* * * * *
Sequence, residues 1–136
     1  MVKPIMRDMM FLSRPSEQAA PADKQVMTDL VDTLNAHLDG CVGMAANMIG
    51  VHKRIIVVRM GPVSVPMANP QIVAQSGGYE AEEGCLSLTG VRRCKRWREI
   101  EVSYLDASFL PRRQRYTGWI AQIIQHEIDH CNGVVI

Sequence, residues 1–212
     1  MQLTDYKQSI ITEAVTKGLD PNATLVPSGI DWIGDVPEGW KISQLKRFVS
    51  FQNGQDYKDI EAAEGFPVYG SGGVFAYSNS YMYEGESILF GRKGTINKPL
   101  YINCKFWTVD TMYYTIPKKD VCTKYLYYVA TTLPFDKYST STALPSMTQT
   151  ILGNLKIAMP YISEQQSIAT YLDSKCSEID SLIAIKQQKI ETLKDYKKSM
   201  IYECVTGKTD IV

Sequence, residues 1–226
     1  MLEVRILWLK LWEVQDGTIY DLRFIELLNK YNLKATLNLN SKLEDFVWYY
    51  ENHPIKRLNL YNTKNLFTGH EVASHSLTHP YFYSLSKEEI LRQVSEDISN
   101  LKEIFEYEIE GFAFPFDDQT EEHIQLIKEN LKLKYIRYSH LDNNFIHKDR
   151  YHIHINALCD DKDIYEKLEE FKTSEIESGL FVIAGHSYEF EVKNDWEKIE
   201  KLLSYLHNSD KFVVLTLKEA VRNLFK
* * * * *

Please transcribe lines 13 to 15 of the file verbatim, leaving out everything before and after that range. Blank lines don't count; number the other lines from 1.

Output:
    51  ENHPIKRLNL YNTKNLFTGH EVASHSLTHP YFYSLSKEEI LRQVSEDISN
   101  LKEIFEYEIE GFAFPFDDQT EEHIQLIKEN LKLKYIRYSH LDNNFIHKDR
   151  YHIHINALCD DKDIYEKLEE FKTSEIESGL FVIAGHSYEF EVKNDWEKIE